Greyhound Hemimelia Case Study

Harriet, a four-month old female greyhound, was presented to the Oxford clinic with the suspicion of a dislocated toe. Greyhound puppies are reared on their mothers until around 10 weeks of age, before being weaned with their litter mates and managed in small paddocks with kennel shelter. This puppy was apparently normal at weaning and was thought to have dislocated her toe while “playing ” with her litter mates in the paddock.

At the time of presentation, the puppy was bright, alert and in good body condition, and no abnormalities with her cardinal signs were detected. The puppy was not lame at the walk, but the fifth toe of the right foreleg was pointing at a strange angle leading to a suspicion of a dislocated toe, and this can be a performance-limiting injury in racing greyhounds if not corrected and managed in a timely fashion.

Examination of the digit revealed an elevation of the third phalanx and abnormal weight distribution through the digital pad. There was suspicion of luxation of the joints between the first and second phalanx as well as the second and third phalanx, and possibly disruption of the deep digital flexor tendon.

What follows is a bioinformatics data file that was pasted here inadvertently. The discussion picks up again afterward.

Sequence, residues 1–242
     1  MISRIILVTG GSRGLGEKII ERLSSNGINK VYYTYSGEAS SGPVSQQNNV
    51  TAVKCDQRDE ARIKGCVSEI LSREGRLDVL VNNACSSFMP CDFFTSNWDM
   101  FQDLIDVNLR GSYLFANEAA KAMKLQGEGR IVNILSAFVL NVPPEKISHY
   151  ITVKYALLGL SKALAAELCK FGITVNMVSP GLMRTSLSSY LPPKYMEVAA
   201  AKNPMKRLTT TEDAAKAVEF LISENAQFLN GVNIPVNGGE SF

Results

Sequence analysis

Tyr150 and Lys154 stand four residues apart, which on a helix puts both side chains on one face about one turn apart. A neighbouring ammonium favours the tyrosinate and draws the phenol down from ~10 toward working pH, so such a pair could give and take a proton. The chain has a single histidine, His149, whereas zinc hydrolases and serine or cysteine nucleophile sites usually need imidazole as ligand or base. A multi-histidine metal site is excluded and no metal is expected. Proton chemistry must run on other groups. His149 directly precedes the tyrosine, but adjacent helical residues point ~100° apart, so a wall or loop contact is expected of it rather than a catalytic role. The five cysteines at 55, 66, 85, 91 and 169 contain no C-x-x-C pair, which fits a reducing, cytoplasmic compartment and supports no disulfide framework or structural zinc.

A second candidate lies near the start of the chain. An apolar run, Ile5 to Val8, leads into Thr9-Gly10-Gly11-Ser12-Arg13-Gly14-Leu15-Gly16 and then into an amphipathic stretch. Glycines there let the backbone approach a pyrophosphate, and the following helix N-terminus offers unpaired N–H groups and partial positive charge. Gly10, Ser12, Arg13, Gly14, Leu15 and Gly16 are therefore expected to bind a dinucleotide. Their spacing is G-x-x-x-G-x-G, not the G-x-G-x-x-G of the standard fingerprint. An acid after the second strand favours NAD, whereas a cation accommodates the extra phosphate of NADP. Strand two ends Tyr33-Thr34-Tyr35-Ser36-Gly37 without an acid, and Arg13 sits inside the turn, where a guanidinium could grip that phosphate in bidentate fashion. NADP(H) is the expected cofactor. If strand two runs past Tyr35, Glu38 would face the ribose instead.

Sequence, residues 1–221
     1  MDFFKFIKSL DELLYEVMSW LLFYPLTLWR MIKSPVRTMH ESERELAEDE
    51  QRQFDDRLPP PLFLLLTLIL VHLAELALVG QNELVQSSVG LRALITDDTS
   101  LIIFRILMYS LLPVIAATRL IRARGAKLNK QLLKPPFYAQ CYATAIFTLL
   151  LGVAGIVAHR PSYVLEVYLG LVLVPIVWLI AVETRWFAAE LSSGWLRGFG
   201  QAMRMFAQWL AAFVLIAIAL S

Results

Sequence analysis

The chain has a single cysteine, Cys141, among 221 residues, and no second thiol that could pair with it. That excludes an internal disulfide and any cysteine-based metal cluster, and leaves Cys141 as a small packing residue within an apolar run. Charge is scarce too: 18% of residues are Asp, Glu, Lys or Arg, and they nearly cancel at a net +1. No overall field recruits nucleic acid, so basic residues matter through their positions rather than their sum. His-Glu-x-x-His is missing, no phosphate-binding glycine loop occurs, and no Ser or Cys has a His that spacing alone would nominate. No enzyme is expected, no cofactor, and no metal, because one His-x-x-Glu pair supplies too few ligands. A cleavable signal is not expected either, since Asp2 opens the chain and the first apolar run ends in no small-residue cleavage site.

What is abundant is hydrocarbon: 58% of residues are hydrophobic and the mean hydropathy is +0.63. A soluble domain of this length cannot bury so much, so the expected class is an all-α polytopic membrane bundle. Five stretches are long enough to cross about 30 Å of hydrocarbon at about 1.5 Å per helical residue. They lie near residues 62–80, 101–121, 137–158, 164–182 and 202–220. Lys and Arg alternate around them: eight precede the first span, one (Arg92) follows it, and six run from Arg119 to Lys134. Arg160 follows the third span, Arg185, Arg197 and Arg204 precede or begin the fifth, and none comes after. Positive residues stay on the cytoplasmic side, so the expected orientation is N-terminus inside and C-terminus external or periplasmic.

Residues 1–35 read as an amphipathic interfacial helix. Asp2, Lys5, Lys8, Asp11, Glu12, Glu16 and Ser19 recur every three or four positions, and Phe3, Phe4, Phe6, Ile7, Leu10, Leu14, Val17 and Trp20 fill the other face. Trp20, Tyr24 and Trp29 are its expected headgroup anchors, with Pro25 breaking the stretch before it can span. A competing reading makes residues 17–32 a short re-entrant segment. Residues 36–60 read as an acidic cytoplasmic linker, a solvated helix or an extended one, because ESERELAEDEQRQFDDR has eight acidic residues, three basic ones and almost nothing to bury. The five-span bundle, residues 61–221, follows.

The puppy was sedated and radiographs taken which, amazingly, revealed an absence of the second phalanx with reduced bone density of the third phalanx.


Hemimelia – complete or partial absence of one or more bones. This can further be classified as either terminal hemimelia (a defect where all or some of the bones distal to a certain point are absent) or intercalary hemimelia (where bones above and below to a missing bone or bones are present), and this second was the case with Harriet.


After discussion with the owner, it was decided to manage the puppy conservatively and monitor her closely for lameness and the development of a corn. If necessary, the toe could be amputated later if lameness was an issue.

Corns are unique to sight hounds and result from repeated mechanical trauma to a digital pad, usually due to anatomical reasons. Many treatments have been tried, but none gives consistent results. Surgical excision has been the best treatment to date; however, recurrence is seen in about 50% of cases after one year.

More recently, tendinotomy of the flexor tendons has been shown to give promising results. This involves cutting both flexor tendons on the palmar/plantar aspect of P1, with the protruding corn being pared to pad level. The tendinotomy results in a “dropped” toe with the nail protruding further than the neighbouring toes. When the limb is in extension, the toe will be elevated by about 30 degrees. The rationale of the procedure is to unload the pad and so reduce the mechanical trauma.

Currently, the conservative approach appears to be working. Harriet is still in the paddock with her mates with no lameness noted so far. The test will come when she reaches 12 months of age and begins more work. Currently the toe is almost in the position it would be following a tendinotomy, and hopefully she will not develop a corn as these are very painful for dogs.

Trish Moffat
Vetlife Oxford